Review of Card Payments Regulation Box A: Financial System Inquiry (FSI) Recommendations

The FSI Final Report made two recommendations with respect to payments regulation.

Recommendation 16: Clearer graduated payments regulation

  • Enhance graduation of retail payments regulation by clarifying thresholds for regulation by the Australian Securities and Investments Commission and the Australian Prudential Regulation Authority.
  • Strengthen consumer protection by mandating the ePayments Code. Introduce a separate prudential regime with two tiers for purchased payment facilities.

Recommendation 17: Interchange fees and customer surcharging

  • Improve interchange fee regulation by clarifying thresholds for when they apply, broadening the range of fees and payments they apply to, and lowering interchange fees.
  • Improve surcharging regulation by expanding its application and ensuring customers using lower-cost payment methods cannot be over-surcharged by allowing more prescriptive limits on surcharging.

The Government's response to the FSI Report endorsed both these recommendations.

The Review has largely focused on issues relating to recommendation 17. While the Bank's decisions have reflected its obligations under the Payment Systems (Regulation) Act, changes to the standards are all also consistent with the recommendation's objectives. These were to (i) clarify regulation and enhance competitive neutrality between system providers and (ii) improve the efficiency and effectiveness of price signals, and reduce the potential for cross-subsidisation between customer groups and merchant groups.

Consistent with the FSI's recommendation, the Bank's new interchange standards have broadened interchange fee regulation to capture all fees paid to card issuers, including in companion card arrangements. While the new standards have not replaced the weighted-average benchmarks with hard caps, nor expressed the caps as the lesser of a fixed amount and a fixed percentage of transaction values, they include some elements of the recommendations with respect to the level and nature of interchange fee caps. In particular, the debit benchmark has been lowered, and the weighted-average caps have been supplemented by ceilings on individual interchange categories. The Board has chosen not to publish fixed thresholds for when system providers will be regulated, but has signalled some of the factors that would be relevant for decisions to designate additional systems.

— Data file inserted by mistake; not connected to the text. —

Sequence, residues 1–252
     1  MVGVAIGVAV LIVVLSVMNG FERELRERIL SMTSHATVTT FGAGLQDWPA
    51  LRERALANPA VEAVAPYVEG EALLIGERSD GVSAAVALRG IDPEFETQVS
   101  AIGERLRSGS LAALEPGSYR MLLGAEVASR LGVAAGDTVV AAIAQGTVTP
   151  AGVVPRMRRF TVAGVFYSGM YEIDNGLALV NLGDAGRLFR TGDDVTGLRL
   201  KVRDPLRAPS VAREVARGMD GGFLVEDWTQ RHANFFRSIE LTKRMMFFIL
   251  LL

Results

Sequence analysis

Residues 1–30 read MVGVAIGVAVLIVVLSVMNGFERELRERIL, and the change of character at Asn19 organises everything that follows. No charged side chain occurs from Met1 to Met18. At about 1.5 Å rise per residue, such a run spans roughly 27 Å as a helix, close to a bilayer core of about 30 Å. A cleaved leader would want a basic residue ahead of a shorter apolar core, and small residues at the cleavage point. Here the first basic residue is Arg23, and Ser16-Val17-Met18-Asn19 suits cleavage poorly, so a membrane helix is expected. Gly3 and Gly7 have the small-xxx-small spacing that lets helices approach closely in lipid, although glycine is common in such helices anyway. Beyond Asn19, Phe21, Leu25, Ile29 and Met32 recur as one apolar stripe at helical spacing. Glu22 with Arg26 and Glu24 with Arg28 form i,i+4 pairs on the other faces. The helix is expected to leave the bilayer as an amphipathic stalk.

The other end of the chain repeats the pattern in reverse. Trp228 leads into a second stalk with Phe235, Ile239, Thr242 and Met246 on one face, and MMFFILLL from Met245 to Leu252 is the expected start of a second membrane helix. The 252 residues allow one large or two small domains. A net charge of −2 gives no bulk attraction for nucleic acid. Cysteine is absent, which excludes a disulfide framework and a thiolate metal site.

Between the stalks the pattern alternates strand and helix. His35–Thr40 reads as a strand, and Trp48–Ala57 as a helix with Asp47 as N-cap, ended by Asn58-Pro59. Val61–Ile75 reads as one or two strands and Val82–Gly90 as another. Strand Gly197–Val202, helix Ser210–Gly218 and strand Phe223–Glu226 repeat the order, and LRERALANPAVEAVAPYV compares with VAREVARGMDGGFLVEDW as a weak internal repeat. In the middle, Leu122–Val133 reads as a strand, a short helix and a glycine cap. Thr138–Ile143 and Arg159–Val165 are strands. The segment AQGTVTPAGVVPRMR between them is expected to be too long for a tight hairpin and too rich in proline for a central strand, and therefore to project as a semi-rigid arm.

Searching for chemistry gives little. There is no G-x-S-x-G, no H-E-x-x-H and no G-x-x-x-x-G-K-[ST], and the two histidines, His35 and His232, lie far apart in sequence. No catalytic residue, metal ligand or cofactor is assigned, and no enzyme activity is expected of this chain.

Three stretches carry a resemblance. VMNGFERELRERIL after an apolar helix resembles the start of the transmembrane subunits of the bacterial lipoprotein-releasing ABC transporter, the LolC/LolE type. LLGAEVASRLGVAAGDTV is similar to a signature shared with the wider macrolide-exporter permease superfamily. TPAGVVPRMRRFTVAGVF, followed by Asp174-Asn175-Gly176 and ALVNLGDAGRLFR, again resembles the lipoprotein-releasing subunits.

Regarding surcharging, the new standard has not incorporated the three-tier model recommended in the FSI Report. However, consistent with the recommendation's aims, the new standard – together with the ACCC's new enforcement powers – will ensure that consumers using a particular payment method are not surcharged an amount greater than the merchant's cost of acceptance for that method.

The first recommendation relates mostly to graduation of regulation, which ‘involves providing lower-intensity regulation for new entrants that pose smaller risks to the system — that is, it targets regulation to where it is most needed in the system’ (FSI Report, pp 144–5). It also relates mostly to consumer protection and prudential issues that are the responsibility of other regulators, namely ASIC and APRA. In the case of the Bank's competition and efficiency and risk responsibilities, the Bank already has the ability to apply graduated regulation in that the decision to designate and regulate a payment system is not automatic but requires a judgement that it is in the public interest to do so. However, consistent with the Government's response to the FSI and its more recent policies with respect to the ‘fintech’ industry, the Bank will work with ASIC and APRA to ensure that the regulatory framework is appropriately graduated and encourages innovation. The Bank will also work with the Treasury and ASIC with respect to any regulatory issues involving new payment systems, including digital currencies.